Mary Shanley was born in Ireland in 1896, and after immigrating to America with her family, made the bold choice to join the NYPD.
Along with a handful of other woman cops, she went to work on undercover beats.
In her first year on the force, she was assigned to nab fortune-tellers and psychics, professions that were illegal at the time, as it was believed they preyed on vulnerable women (and were practiced mostly by immigrants).
She was later assigned to an anti-pickpocket beat, cruising around department stores dressed as a typical shopper, sometimes accompanied by her niece as a decoy.
In 1934, the NYPD began requiring its female officers to carry revolvers. A few years later, Shanley made history when she became the first woman in the NYPD to use her gun in the line of duty, firing a warning shot into the air to halt a suspect fleeing on 53rd Street. (The warning shot would become something of a signature for her throughout her career.)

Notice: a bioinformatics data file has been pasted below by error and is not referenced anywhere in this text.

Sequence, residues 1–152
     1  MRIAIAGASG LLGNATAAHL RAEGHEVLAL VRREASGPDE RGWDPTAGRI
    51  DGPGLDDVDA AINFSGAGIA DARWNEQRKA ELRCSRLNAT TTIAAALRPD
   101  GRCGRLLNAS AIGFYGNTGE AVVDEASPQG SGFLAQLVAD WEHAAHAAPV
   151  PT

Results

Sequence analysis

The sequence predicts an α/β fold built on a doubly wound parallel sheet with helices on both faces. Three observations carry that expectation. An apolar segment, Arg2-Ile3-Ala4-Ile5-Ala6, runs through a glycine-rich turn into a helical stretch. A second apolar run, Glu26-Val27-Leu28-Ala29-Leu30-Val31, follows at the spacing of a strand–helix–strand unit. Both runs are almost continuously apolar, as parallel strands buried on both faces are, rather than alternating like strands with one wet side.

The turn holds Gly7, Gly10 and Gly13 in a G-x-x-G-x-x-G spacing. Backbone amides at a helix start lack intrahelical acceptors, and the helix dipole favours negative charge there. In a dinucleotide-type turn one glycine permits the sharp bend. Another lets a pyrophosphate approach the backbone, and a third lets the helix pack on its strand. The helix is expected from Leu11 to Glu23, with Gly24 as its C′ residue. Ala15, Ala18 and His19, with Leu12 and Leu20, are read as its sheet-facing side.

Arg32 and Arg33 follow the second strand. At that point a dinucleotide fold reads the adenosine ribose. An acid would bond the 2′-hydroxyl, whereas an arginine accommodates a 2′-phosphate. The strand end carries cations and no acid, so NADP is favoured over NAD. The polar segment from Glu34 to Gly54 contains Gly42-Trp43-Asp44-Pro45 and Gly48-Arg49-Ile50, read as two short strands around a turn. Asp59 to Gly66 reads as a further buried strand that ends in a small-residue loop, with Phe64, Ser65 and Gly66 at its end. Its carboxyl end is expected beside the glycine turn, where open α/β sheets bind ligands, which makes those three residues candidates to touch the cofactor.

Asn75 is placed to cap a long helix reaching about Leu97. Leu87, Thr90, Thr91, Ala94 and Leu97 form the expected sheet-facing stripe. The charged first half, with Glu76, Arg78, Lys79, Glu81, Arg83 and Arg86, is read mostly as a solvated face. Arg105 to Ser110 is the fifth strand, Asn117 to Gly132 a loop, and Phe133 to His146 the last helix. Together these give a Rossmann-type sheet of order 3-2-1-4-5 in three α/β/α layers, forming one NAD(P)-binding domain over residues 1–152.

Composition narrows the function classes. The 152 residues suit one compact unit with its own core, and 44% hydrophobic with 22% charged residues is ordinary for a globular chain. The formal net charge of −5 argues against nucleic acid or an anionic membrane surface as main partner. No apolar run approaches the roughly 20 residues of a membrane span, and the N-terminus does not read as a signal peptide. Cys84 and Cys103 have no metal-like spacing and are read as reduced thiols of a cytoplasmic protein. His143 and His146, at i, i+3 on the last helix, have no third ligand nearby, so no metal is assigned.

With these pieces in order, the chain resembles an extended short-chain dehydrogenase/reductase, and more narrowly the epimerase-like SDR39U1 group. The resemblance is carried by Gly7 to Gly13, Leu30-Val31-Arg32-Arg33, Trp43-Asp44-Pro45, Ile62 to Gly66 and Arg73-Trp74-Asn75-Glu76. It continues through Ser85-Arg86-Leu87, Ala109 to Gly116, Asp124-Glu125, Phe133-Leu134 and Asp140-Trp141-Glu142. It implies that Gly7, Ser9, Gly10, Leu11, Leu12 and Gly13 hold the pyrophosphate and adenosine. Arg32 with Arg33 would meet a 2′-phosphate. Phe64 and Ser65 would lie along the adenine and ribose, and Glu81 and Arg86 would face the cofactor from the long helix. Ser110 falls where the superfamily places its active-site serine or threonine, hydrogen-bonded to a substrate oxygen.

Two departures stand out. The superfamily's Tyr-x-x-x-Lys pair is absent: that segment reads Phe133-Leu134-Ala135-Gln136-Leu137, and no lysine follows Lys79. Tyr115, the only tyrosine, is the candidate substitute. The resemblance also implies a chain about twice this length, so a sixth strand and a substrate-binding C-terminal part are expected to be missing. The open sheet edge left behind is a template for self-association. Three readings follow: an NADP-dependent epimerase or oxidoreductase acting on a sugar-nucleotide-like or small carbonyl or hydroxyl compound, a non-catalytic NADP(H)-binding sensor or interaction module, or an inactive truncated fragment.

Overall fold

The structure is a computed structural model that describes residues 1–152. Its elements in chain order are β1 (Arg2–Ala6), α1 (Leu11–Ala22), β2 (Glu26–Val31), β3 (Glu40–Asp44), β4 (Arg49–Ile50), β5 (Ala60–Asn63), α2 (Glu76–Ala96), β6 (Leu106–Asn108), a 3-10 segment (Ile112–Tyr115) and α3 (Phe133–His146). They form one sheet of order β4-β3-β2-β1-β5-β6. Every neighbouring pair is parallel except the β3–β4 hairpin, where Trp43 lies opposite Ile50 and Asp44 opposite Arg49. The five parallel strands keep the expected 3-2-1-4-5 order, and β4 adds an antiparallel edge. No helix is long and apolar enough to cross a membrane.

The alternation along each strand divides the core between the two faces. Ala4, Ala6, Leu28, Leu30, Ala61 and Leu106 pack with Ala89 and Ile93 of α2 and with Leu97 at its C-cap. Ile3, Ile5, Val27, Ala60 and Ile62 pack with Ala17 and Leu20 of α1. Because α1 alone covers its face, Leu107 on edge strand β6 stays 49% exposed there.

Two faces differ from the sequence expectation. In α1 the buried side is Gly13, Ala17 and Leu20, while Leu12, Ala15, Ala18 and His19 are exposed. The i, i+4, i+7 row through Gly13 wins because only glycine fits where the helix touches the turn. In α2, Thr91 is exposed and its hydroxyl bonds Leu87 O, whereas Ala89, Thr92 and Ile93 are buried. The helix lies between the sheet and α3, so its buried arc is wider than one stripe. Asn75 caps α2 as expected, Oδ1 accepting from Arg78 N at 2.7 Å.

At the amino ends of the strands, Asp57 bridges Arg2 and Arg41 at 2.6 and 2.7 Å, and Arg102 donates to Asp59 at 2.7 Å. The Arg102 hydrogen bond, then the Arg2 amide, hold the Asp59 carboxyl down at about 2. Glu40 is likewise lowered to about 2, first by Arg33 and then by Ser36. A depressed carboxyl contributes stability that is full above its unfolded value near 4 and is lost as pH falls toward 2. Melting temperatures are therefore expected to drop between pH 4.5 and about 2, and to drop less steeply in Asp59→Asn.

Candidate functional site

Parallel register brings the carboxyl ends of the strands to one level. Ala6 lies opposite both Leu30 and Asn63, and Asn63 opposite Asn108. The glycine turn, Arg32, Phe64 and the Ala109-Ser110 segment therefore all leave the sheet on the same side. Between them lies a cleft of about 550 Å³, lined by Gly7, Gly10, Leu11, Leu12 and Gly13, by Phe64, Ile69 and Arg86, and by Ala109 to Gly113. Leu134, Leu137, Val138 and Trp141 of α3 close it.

She became a minor local celebrity, making appearances in crime blotters and tabloids every time she collared a suspect, eventually earning her the sobriquet “Deadshot Mary.”
Shanley became one of the first women in the NYPD to reach the rank of Detective First Grade. Her career was nearly derailed in 1941 when she was suspended for firing her service weapon while drinking off-duty at a Jackson Heights bar, but she was soon reinstated, and continued busting petty thieves until her retirement in 1957.
"It's exciting. I'd die if I had to go back to working in an office." ~MARY SHANLEY, 1937